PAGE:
Golf Australia have published an article this week regarding the proposal of the City of Sydney Lord Mayor Clover Moore, to reduce the ever-popular Moore Park golf course by half. Moore's rationale that the golf course could be better used as parkland, literally across the road from a giant parkland, has angered many in the golf industry and beyond. Sydney has an abundance of private golf clubs, but fewer inner-city public access courses than other cities in Australia per population.
Moore Park is one of the busiest public courses in the world, and losing even half the holes would deal a tremendous blow to the golf industry in New South Wales, not to mention the physical health and mental and social wellbeing of the 80,000 plus golfers who use the course each year. Thankfully, it appears that senior NSW Government Minister Rob Stokes can see the benefits of a golf course in the city and is keen to retain 18 holes for public use.
Whilst pleased for the Minister's intervention, we don't necessary concur with the Golf Australia assessment as this being a "win" for golf. If it proves a long-term and lasting policy position that protects golf and the public golfer then it very much will be a win, but our game cannot afford to drop its guard for a moment, and especially in this current inner-city angst against golf era. We desperately need courses like Moore Park to endure and prosper, just like we needed Victoria Park and North Lakes to survive in Brisbane.
In our view Golf Australia should prioritise public golf and start fighting proactively to protect and enhance the 30-40 busiest and most important inner-city public courses across Australia. A temporary reprieve like Albert Park in Melbourne is no good for the game long term. Public course golfers need the security of a longer lease, and an assurance that city dwelling newcomers will be able to tiptoe into our great game for decades to come.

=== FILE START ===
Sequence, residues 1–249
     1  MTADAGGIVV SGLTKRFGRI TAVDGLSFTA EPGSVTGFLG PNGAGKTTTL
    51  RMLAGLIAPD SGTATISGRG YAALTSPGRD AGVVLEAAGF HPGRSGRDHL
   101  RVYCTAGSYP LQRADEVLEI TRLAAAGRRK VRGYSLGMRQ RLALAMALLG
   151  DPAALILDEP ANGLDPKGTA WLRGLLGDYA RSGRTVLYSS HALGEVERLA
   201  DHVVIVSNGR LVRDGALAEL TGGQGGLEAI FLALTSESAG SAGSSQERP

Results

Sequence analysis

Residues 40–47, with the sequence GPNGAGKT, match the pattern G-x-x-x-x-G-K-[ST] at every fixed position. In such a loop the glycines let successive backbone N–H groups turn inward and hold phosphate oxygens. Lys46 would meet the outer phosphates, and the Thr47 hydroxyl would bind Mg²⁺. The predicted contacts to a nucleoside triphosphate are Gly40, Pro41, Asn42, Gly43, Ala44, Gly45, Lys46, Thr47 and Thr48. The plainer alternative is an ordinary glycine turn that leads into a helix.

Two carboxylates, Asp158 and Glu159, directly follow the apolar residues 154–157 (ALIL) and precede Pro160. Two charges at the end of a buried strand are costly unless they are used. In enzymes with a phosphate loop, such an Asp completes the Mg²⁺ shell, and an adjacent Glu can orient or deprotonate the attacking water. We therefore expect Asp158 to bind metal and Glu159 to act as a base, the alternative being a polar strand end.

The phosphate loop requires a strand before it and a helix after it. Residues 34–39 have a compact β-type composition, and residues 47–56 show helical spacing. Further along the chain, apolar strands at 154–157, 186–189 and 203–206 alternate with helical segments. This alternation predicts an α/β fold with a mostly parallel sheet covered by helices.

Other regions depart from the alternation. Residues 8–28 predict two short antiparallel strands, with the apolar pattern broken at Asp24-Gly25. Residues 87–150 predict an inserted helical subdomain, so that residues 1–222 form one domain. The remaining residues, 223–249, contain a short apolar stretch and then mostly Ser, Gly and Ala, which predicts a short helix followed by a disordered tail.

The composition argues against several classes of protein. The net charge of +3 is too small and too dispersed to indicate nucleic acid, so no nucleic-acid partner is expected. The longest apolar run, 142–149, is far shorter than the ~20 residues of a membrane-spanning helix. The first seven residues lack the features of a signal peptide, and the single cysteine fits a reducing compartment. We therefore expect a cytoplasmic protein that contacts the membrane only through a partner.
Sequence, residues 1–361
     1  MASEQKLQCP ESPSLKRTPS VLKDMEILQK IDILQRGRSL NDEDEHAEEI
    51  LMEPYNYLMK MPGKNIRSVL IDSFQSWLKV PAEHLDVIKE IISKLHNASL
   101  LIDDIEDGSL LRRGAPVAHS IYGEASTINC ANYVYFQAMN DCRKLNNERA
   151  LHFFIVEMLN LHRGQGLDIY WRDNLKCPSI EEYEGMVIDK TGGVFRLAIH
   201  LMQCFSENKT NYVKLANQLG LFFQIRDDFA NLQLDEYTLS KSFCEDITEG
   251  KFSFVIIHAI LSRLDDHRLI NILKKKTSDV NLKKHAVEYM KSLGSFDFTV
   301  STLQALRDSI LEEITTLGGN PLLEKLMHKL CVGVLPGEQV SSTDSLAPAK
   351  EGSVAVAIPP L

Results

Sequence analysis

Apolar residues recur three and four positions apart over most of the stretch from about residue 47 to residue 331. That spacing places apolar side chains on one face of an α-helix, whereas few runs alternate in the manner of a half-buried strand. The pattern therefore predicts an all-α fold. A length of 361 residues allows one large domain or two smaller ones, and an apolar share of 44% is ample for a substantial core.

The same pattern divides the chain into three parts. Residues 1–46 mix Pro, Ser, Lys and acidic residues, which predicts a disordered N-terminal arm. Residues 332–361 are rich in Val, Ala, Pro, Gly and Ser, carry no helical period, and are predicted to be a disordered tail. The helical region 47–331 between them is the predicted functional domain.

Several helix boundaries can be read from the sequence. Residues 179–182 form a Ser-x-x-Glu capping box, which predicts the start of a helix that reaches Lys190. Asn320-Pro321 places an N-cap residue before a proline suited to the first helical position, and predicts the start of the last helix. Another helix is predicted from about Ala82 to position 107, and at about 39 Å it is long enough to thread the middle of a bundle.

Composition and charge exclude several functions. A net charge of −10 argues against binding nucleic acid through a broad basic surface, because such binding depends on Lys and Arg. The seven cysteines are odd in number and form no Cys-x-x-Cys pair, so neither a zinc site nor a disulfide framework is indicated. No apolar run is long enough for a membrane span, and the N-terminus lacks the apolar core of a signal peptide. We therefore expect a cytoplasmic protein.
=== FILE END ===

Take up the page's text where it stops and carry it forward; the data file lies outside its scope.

News Article: From Golf Australia
Moore Park 'win' for golf.
Golf appears to have won a battle in the war over Moore Park, the inner-Sydney public course that has come under threat.
Rob Stokes, the New South Wales Planning and Public Spaces Minister, has come out in favor of retaining the full 18 holes at Moore Park, despite Mayor Clover Moore’s push for a reduction to nine holes.
According to Sydney media reports today, Stokes has asked the Greater Sydney Parklands Trust, which oversees Centennial Park and Moore Park, to investigate how the NSW Government can create more public access to the golf course while retaining 18 holes.
The Minister said this should be possible with a “small modification” to the golf course.
In October the City of Sydney released two options for reducing the course by half, but the consultation period has seen fierce debate. At least four state MPs have spoken out against Cr Moore’s proposal in the past few weeks.
Golf Australia has also said it is disappointed with the proposal.
But Stokes’ intervention appears to be significant. He told the Sydney Morning Herald that the club was a "significant component of the sustainable funding and management of Centennial, Queens and Moore parks", contributing 39 per cent of the Centennial Park and Moore Park Trust’s income.
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